Republican Senator Lindsey Graham in the way of U.S.-Israel military aid deal

According to reports in the Washington Post, the agreement on the military aid package that Israel is to receive from the U.S. has not been signed yet due to the opposition of one person – Republican Senator Lindsey Graham, who insists that Israel receive a larger aid package.
Netanyahu, Obama and the Iron Dome. Archives Photo Credit: GPO / Channel 2 News

Following the reports of disagreements between Washington and Jerusalem with regards to the military aid package Israel is to receive from the United States, it was revealed last night (Sunday) that the agreement between the sides has yet to be signed due to one person – Republican Senator Lindsey Graham. According to the reports in the Washington Post, Israel and the U.S. had already agreed on the details of the aid package several weeks ago but Graham, who serves as Chairman of the Senate Appropriations Subcommittee that oversees the foreign affairs budget, has impeded the signing of the agreement.

According to the report, Graham insisted that Israel receive more than the amount allocated to it by the White House. The Republican senator noted that the administration asked Netanyahu to talk to him in order to promote the signing of the agreement to which he responded that the U.S. administration could “go to hell.” Graham explained that Netanyahu has stated that Israel is willing to sign the agreement as is but has not asked him to give up his demands in front of the White House.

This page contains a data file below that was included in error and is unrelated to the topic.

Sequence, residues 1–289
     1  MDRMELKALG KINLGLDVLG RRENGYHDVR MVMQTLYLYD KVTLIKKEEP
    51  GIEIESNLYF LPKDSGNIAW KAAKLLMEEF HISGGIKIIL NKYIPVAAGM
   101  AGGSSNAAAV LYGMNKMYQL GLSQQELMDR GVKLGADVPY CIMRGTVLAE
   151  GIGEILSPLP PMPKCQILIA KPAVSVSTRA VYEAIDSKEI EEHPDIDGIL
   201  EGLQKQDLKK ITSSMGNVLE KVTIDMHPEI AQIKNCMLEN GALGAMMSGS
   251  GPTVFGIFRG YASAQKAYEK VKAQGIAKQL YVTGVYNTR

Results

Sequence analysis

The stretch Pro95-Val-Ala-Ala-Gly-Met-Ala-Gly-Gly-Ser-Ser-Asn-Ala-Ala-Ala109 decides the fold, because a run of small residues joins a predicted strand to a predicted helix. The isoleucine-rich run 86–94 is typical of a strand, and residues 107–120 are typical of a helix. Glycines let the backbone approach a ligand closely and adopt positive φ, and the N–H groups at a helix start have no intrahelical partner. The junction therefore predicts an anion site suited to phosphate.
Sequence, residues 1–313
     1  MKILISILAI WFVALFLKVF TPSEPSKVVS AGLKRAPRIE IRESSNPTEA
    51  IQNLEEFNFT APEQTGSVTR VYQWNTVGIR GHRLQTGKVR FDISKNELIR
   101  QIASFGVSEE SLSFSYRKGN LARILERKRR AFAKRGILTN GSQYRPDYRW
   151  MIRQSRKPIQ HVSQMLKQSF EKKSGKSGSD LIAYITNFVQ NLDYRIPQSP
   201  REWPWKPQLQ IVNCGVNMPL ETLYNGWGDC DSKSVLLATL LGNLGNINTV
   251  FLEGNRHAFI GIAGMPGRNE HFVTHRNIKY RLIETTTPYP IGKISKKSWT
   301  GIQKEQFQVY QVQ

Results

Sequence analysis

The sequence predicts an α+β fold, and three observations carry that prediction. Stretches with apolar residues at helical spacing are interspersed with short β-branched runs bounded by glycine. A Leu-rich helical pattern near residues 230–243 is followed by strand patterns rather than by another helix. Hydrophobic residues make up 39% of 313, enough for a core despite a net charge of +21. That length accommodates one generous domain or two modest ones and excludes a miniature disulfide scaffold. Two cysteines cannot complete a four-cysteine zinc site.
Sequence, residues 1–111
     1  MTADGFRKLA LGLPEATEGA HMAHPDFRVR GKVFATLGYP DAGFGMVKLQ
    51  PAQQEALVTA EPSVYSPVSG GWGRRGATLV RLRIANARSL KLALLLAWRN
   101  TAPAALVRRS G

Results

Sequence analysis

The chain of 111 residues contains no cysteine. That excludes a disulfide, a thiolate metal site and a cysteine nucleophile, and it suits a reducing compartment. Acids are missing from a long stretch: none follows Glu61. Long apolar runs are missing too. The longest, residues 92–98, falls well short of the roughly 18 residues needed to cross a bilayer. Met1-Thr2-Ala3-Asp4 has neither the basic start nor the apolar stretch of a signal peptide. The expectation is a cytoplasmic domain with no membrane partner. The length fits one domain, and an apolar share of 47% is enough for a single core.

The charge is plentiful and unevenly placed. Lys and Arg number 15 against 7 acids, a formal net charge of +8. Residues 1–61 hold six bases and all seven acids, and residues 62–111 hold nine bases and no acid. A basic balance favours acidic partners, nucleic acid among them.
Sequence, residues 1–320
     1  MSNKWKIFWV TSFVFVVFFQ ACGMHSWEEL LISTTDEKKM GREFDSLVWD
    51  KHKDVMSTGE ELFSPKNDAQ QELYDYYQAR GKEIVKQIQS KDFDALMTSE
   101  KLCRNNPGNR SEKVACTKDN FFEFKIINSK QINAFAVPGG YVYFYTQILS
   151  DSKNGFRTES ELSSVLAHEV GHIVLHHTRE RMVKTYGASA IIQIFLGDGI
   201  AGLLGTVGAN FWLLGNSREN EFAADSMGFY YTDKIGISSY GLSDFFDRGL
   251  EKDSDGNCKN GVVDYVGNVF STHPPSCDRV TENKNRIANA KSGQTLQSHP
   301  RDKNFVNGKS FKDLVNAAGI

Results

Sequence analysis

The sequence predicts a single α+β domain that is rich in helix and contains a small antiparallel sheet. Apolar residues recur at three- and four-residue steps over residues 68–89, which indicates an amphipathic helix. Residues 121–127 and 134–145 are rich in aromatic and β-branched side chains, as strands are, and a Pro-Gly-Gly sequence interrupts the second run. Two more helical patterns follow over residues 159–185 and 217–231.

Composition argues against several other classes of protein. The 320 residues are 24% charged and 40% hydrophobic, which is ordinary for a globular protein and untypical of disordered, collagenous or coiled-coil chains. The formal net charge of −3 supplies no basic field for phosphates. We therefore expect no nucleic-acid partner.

Opposes the agreement. Graham Photo Credit: Channel 2 News

Meanwhile, the White House has demanded that Graham refrain from promoting an alternative military aid package from the U.S. Congress. Graham has already drafted a bill that opts to give Israel 3.4 billion dollars next year, more than the amount the White House has negotiated. Graham discussed the issue with Netanyahu and clarified that the U.S. Congress is not committed to the agreement with the White House to which Netanyahu replied by stressing that Israel needs the money because “the threats are real.”

“We can’t have the executive branch dictating what the legislative branch will do for a decade based on an agreement we are not a party to,” Graham claimed in his defense. One of the main issues in dispute is the funding of Israel’s missile defense systems, which the White House has asked to include in the current agreement rather than in an outside deal.

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